Economic Soft Landing Still on Track
By Michael Bright
The latest data lends credence to our belief expressed here that the economy is on path to have a light recession rather than a hard or tough one.
The most important indicator was the Consumer Price Index announced during the week of February 13. The U.S. Bureau of Labor Statistic reported that the CPI rose 0.5 percent in January on a seasonally adjusted basis, after increasing 0.1 percent in December. The good news for the economy was a different, longer-term number. Over the last 12 months, the index increased 6.4 percent before seasonal adjustment, which was down slightly from an annual rate of 6.5 percent in December and a 40-year high of 9.1 percent in June. In other words, the annual inflation rate is cooling, which is exactly what the Federal Reserve wants to occur in response to its steady increases in interest rates. The Central Bank still has a long way to go to hit its annual-inflation-rate target of 2 percent. But a slowdown of inflation is a good sign along the way. The lower inflation is, the fewer interest-rate hikes the Fed will have to impose and the less crushing those higher rates will have on the average American and the overall economy. Another indicator provided a sign of economic resilience that week. The jobs report for January from the Labor Department showed that nonfarm payrolls increased by 517,000, far higher than the market experts’ estimate of 187,000. The unemployment rate fell to 3.4 percent, which was the lowest jobless level since May 1969.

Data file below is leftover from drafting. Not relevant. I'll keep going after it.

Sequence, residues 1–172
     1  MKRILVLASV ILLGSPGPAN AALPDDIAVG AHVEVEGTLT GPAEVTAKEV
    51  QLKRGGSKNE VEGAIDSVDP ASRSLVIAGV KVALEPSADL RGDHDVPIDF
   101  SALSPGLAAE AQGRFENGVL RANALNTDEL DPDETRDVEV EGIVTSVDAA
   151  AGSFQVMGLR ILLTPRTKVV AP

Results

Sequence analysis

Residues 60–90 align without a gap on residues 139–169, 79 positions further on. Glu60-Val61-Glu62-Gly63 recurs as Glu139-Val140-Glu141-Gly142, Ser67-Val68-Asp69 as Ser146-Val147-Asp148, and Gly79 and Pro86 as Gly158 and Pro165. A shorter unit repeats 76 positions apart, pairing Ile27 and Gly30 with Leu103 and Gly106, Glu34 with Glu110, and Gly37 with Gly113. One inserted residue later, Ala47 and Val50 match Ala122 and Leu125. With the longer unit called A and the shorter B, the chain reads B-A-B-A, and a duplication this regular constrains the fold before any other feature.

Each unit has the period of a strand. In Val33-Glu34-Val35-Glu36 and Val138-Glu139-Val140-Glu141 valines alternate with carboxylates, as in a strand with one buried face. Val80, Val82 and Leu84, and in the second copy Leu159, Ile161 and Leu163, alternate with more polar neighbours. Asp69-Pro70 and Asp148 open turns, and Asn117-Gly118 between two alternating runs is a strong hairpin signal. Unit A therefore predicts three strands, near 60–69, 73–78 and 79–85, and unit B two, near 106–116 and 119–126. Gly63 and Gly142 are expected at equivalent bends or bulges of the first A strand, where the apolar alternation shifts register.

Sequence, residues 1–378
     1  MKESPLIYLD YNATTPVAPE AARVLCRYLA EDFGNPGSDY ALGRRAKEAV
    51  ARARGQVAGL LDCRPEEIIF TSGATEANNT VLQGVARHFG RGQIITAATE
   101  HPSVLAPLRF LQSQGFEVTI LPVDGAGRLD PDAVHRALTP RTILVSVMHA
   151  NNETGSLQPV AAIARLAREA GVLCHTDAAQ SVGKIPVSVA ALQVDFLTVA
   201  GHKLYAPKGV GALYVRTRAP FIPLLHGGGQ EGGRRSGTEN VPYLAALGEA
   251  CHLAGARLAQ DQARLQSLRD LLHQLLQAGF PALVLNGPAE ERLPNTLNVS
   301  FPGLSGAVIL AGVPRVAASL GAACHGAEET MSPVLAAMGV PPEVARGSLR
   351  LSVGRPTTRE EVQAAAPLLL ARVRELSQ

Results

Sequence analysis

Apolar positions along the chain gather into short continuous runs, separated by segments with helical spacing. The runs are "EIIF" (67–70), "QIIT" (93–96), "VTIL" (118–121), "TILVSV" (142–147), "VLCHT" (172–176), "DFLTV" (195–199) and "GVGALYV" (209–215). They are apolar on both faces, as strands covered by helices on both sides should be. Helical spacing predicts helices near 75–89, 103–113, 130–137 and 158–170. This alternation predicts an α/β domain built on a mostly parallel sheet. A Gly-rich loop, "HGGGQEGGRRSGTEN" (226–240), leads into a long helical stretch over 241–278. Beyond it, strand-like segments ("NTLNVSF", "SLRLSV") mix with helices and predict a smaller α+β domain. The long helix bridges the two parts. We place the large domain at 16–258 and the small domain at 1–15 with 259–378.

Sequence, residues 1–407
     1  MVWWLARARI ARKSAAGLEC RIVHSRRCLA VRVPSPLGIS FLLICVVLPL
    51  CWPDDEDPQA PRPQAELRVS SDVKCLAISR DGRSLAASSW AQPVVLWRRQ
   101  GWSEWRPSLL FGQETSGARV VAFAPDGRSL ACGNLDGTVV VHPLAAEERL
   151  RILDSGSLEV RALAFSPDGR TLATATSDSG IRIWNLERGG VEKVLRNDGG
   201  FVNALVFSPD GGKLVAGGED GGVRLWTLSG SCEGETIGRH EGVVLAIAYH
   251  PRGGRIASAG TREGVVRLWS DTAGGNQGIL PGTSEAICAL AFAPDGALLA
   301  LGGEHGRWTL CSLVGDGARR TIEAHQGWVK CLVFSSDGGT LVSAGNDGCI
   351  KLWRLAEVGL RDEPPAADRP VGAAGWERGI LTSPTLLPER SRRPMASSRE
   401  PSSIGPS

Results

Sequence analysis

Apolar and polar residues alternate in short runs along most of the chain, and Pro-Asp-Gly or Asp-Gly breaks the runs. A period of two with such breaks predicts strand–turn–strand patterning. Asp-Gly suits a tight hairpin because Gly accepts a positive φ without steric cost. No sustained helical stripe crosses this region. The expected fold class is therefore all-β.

The surge in job creation came despite the Fed’s efforts to slow the economy – and inflation – with those interest-rate increases. But the rise in people with jobs suggests that the economy can slow down without putting too many Americans out of work. That would be a far less painful outcome from the Fed’s actions – a soft landing for the economy rather than a hard one.
I am still betting that soft version will be the result.